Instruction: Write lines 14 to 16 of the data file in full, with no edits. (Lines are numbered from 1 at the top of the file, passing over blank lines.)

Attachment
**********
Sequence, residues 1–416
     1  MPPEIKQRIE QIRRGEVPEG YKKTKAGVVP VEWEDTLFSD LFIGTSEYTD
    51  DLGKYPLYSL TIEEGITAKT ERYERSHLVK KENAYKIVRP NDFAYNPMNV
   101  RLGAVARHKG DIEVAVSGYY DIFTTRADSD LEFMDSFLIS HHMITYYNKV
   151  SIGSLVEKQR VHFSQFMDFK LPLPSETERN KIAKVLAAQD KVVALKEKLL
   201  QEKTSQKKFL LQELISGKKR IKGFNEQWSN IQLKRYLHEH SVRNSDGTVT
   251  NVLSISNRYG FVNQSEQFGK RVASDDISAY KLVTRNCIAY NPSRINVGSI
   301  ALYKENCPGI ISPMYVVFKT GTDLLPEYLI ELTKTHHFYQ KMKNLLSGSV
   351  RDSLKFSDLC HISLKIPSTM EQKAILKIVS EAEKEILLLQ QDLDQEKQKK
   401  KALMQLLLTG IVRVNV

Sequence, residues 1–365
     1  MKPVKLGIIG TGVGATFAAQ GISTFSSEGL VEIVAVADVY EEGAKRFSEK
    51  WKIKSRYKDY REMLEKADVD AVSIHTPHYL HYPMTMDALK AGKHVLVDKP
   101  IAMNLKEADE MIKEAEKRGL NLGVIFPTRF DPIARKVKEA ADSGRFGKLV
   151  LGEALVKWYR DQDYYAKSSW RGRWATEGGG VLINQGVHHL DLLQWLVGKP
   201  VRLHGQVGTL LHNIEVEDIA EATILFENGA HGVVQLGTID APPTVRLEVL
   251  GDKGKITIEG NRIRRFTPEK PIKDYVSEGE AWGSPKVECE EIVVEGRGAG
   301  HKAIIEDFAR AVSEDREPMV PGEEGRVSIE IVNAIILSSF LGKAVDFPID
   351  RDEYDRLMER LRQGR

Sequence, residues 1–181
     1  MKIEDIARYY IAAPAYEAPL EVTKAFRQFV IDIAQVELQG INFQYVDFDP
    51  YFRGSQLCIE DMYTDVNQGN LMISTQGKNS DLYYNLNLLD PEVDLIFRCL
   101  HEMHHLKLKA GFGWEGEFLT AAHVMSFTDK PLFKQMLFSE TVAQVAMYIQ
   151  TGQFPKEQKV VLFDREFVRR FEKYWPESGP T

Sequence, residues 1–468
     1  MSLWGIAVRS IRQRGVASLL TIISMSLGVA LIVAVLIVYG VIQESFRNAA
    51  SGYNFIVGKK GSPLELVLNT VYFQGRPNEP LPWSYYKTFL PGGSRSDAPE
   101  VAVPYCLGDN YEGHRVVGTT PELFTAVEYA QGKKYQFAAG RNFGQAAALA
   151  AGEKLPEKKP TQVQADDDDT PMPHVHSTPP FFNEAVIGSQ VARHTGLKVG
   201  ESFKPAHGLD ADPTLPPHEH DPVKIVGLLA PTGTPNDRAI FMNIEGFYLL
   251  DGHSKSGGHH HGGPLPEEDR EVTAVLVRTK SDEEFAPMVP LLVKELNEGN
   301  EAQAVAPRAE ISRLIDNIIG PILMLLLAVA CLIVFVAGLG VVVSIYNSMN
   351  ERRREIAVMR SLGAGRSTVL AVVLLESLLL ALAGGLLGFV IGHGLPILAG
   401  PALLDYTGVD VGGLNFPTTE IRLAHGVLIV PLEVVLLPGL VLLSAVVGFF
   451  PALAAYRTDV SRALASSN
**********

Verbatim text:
   101  IAMNLKEADE MIKEAEKRGL NLGVIFPTRF DPIARKVKEA ADSGRFGKLV
   151  LGEALVKWYR DQDYYAKSSW RGRWATEGGG VLINQGVHHL DLLQWLVGKP
   201  VRLHGQVGTL LHNIEVEDIA EATILFENGA HGVVQLGTID APPTVRLEVL